Toward a more perfect joining

When I made the second of what is destined to be at least seven of Jenna Wingate’s stash-busters hat, I noticed that there was an annoying (to me) line that delineated the point at which every round had been joined.

This is a common problem for crocheters when making a hat that is not worked in a continuous spiral and the line of small gaps can be seen here in this photo as it traverses from the mid-center up toward the left:

striped crochet hat, crochetbug, crochet stripes, crochet beanie, textured crochet, scrap buster, use what you have, yarn stash
My second scrap buster hat effort with the ends woven in and trimmed

I love the hat, but I am not as enamored of my joining efforts and while ruminating over this dissatisfaction, I recalled that at some point I had made a hat that was also not worked in a spiral, but which did not have a join that was so glaring.

After much thinking, I was pretty sure I remembered how it was done, and tested it out on my third stash-busters effort.

Using Jenna Wingate’s brilliant pattern and a palette of the best and brightest Red Heart Super Saver colors in my stash, I got to work.

Here is an overview of my progress at the end of the end of the day:

striped crochet hat, crochetbug, crochet stripes, crochet beanie, textured crochet, scrap buster, use what you have, yarn stash
My progress so far

The joining (while still visible) is not as pronounced as it was in my previous effort.

Here is how I did it.

After finishing the last stitch of the current round:

striped crochet hat, crochetbug, crochet stripes, crochet beanie, textured crochet, scrap buster, use what you have, yarn stash
Complete last hdc of current round

I inserted the hook through both loops of the first stitch of the same round, and grabbed the color I would be using in the the new round:

striped crochet hat, crochetbug, crochet stripes, crochet beanie, textured crochet, scrap buster, use what you have, yarn stash
Insert hook through both loops of the first hdc of the round and grab the new color of yarn for the next round

then pulled it through to the front, as if completing a slip stitch:

striped crochet hat, crochetbug, crochet stripes, crochet beanie, textured crochet, scrap buster, use what you have, yarn stash
Pull through as if to finish a slip stitch

Next, I made one chain with the new color:

striped crochet hat, crochetbug, crochet stripes, crochet beanie, textured crochet, scrap buster, use what you have, yarn stash
Chain 1

then yarned over in the new color (in preparation make an hdc), and inserted the hook into the second stitch of the previous round.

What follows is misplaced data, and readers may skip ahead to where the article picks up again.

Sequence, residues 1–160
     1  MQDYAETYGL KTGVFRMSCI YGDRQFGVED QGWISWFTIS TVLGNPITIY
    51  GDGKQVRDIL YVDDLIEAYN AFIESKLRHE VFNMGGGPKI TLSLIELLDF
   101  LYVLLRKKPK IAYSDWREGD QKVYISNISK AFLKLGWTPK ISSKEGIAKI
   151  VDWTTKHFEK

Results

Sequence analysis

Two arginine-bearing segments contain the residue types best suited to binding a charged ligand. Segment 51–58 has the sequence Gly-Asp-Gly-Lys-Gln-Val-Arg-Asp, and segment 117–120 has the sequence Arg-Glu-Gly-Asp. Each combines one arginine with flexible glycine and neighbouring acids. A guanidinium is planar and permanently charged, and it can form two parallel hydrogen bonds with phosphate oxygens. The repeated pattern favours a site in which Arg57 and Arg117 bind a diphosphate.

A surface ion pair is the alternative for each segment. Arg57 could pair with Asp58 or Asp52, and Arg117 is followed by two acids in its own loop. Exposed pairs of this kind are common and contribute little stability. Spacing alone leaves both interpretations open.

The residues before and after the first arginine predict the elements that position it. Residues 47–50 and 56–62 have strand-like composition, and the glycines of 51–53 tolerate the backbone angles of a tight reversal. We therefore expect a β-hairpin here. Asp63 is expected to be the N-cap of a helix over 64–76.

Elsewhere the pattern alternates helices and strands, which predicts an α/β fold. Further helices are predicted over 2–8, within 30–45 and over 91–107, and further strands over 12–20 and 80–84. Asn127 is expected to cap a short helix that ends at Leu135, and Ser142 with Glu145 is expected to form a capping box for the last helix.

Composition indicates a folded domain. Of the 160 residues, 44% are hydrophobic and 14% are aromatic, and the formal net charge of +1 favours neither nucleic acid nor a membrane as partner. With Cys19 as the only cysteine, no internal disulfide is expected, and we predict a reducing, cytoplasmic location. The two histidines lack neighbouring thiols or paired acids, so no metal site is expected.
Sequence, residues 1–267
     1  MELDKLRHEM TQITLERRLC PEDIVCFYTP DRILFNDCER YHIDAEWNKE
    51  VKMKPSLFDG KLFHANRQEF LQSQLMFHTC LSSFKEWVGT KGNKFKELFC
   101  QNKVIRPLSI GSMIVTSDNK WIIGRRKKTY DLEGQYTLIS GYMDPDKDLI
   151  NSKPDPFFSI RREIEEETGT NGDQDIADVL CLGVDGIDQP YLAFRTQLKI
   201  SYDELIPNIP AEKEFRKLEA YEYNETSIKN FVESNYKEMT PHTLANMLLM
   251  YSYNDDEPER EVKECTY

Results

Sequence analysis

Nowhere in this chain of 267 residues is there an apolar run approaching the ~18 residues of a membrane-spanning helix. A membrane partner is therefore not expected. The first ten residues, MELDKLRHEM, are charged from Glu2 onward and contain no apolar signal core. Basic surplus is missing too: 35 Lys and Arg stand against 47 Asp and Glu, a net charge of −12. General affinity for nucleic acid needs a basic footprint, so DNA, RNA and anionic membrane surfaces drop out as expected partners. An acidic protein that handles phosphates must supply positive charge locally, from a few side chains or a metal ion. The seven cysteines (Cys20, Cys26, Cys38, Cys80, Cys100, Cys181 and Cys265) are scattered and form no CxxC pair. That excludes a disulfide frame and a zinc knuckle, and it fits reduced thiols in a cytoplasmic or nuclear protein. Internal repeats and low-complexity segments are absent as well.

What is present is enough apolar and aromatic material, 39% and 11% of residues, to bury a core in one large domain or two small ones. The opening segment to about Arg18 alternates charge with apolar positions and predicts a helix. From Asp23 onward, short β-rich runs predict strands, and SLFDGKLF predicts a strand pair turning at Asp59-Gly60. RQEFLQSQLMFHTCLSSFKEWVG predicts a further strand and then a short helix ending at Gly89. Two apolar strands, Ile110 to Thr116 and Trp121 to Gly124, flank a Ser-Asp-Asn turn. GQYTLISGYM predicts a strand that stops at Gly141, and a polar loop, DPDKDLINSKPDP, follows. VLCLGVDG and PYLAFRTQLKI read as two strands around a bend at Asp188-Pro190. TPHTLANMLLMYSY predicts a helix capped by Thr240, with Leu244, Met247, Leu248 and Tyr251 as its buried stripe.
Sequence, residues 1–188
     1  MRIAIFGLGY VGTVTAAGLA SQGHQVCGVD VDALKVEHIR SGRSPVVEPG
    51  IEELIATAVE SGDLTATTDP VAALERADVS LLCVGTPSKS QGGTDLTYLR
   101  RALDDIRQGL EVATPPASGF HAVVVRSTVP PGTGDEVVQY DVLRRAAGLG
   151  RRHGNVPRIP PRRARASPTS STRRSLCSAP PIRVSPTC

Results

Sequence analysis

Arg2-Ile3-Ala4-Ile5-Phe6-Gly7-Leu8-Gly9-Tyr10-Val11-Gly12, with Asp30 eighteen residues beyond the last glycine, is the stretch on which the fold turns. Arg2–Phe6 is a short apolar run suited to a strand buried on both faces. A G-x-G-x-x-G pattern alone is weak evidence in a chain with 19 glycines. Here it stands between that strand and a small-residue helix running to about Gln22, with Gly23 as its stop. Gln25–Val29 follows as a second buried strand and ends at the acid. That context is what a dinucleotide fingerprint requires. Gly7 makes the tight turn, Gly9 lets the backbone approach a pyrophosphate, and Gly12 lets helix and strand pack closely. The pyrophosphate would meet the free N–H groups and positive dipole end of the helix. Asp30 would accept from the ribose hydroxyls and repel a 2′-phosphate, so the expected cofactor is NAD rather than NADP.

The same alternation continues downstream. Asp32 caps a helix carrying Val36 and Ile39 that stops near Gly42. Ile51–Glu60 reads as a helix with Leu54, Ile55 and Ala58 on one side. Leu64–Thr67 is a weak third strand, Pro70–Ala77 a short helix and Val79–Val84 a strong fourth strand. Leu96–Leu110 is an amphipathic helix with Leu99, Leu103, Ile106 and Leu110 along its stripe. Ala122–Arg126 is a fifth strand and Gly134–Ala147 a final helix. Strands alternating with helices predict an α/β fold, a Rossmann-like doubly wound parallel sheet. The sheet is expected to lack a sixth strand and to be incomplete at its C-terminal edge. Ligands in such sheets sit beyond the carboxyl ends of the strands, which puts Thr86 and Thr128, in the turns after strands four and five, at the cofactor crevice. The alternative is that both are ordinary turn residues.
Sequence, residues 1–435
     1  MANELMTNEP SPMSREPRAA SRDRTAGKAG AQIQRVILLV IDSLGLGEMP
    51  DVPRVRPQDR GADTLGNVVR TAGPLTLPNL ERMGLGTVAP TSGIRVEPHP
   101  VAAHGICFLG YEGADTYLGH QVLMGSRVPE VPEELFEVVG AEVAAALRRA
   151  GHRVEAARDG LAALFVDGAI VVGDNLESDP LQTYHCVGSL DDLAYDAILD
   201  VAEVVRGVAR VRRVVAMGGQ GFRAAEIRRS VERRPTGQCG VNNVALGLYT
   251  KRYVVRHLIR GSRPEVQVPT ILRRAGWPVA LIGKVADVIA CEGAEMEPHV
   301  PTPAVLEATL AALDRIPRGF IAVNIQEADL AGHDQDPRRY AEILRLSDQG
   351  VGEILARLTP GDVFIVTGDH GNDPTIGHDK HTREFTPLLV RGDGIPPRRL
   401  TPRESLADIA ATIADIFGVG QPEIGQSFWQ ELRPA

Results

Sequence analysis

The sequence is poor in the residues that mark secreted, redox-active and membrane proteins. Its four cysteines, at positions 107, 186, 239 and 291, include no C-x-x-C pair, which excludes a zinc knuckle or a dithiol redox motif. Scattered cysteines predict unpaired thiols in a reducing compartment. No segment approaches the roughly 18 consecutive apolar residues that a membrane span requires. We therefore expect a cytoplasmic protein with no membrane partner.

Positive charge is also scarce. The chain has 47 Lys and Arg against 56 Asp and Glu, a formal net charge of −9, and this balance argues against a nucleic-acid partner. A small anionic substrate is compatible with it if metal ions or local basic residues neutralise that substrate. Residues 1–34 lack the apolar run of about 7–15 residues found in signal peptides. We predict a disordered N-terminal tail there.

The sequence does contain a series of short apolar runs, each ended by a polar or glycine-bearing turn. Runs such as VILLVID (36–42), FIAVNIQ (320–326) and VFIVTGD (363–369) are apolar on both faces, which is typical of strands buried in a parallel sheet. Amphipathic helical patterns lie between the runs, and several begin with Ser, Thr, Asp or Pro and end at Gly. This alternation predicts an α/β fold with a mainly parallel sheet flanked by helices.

striped crochet hat, crochetbug, crochet stripes, crochet beanie, textured crochet, scrap buster, use what you have, yarn stash
Yarn over and insert hook into the 2nd stitch of the previous round

Then, I completed the first hdc of the new round in the second hdc of the previous round:

striped crochet hat, crochetbug, crochet stripes, crochet beanie, textured crochet, scrap buster, use what you have, yarn stash
Complete working the first hdc in the new color

I’m going to have a lot of opportunity to practice and perfect this technique, as a cousin of mine getting together gifts for a family that needs help during these holidays, and I asked if I could help with her effort. She said yes, and I want to make sure that I give the people who will be receiving these hats my very best work.

Too often what is given as charity is the stuff in our lives that we no longer want or have use for.

A real present is when we offer that best that we have to give, and I am bound and determined to make these hats something that anyone would like to have.

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2 thoughts on “Toward a more perfect joining

  1. That’s how I’ve always switched colors before. In the hat I’m making now the pattern called for you to ch2 then dc in the same stitch, not counting the ch as a stitch. This helps the ‘hole’ you get anyway.
    Why would your seam travel like that?

  2. Hi Leslie

    Love the hats – but the cookieghan is the star!

    I make lots of stripy items, and my way of avoiding the obvious seam (after a bit of practice) is just to finish off completely each round, then start in a different spot every new round.

    What I do is – when starting a new round – simply slip stitch into a spot removed a few stitches from where I finished the round before, do as many chain as needed, then keep crocheting on as required, also going over the ends from both current and just finished rounds to save a bit of trimming later and make the texture tidier.

    I can seriously say that you’d never know where 99 per cent of the stripes I make start and finish.

    Good luck with it!

    Lynda

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